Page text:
Is this it then? Has the ever-questioning bisexual finally figured out their sexuality? Probably not, but I feel like I’m closer to understanding it now than I’ve ever been.


Note: I’m using “queer” in this piece as an umbrella term for members of the LGBTQ2S+ community. I recognize that not everyone vibes with or uses this word, and that’s totally fine. I wouldn’t refer to a specific member of the community as queer unless they identified that way. However, I believe in all of the reclamation work that’s gone into it and see it as an acceptable umbrella. It’s also a useful shorthand to use when referring to the community rather than awkwardly writing out LGBTQ2S+ each time.

Poetry

Happy Birthday, Dad

Photo of a sky, lake, silhouetted trees, and a boathouse. The sky takes up most of the photo and is full of dark, tumultuous-looking clouds. The trees, water, and boathouse are shrouded in shadow.

Content note: this piece deals with addiction, abuse, and intergenerational trauma.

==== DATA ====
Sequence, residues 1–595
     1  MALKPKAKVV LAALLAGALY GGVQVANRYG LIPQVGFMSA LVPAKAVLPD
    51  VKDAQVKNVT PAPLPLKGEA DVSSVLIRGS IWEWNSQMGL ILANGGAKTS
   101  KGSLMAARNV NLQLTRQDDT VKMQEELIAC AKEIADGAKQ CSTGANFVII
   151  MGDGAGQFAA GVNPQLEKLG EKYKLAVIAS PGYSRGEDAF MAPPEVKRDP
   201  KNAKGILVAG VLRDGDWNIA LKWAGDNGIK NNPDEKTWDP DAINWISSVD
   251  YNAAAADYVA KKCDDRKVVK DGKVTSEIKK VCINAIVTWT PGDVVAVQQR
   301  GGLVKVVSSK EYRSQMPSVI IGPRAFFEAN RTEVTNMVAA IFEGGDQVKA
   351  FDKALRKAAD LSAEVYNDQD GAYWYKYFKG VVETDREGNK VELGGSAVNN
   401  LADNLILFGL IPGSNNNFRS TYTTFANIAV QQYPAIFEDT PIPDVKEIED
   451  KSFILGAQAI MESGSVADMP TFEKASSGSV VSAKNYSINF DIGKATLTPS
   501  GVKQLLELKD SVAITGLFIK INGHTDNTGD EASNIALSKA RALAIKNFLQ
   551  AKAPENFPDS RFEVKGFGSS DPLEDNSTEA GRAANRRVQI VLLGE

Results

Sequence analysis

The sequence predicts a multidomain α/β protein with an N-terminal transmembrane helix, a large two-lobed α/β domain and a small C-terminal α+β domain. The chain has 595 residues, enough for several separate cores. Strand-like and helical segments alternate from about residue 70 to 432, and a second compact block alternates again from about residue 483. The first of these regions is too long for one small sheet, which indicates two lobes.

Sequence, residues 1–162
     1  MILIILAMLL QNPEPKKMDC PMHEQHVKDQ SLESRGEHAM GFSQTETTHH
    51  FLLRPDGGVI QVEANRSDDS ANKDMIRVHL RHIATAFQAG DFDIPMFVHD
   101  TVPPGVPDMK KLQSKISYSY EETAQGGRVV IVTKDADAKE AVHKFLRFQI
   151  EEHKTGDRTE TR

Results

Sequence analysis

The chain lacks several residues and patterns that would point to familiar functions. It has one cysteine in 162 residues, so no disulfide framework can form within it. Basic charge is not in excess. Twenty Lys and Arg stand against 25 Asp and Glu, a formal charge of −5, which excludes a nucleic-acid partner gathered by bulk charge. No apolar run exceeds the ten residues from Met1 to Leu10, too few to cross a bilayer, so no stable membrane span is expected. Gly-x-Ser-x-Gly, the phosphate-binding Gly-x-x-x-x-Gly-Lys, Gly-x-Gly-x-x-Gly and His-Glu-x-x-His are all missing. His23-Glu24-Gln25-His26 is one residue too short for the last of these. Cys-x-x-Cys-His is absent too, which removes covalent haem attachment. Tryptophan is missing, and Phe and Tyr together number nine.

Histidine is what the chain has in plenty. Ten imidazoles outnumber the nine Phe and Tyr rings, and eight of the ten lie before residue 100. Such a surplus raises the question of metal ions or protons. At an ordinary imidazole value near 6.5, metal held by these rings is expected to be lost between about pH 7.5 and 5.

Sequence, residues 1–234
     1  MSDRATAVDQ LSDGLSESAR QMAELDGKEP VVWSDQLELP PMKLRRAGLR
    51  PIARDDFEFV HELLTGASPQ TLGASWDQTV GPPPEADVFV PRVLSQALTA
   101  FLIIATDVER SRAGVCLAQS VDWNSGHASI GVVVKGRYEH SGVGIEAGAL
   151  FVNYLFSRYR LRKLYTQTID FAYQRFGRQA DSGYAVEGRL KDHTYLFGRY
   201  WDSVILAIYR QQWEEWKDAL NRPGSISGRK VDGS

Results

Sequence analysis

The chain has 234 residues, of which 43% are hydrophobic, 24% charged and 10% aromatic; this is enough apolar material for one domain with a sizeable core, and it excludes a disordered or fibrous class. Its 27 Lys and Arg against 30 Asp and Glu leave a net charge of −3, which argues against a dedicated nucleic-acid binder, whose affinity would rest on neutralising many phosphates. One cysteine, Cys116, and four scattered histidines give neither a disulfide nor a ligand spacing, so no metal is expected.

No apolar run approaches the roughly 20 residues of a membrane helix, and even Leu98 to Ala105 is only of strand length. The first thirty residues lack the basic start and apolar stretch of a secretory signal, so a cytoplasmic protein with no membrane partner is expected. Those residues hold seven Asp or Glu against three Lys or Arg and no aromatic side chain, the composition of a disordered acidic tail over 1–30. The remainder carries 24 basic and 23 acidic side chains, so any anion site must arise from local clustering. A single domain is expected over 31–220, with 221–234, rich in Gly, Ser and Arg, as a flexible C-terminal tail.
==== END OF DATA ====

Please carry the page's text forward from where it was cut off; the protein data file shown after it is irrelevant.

I wish my father a happy birthday.
He tells me he’s drinking again,
And that he hardly heard from anyone.
I can only ever write poems about him.

Write back, he always says.
His emails come quickly, contain hardly anything.
Write back, he always says.
Write back.

I have to come up with more to say, more that I can share.
There are so few safe topics to choose from.
He wants to see me. I don’t know if I can let him.
Just a few years ago, seeing him on the street would send me reeling—
Running, hiding, heart pounding, panic swelling.
I don’t know if he ever saw me run away.

I don’t know how to write that fear into a poem,
And perhaps this is where I fail as a poet.

I never thought I would speak to him again,
Never expected to write to him.
Five years of estrangement passed,
And then I did.
Something within me shifted.
Words like abuser, monster, Jekyll, and Hyde
Moved over to the side—
Making room for
Illness, sickness, and intergenerational trauma.
It took five years for my fear to begin melting,
For my anger to start eroding,
Revealing layers and layers of fresh-cut
Pain,
Confusion,
Compassion.

Write back, he always says.
Get your brother to write to me,
And write back.
Write back.
Write back.

What more can I say, Dad?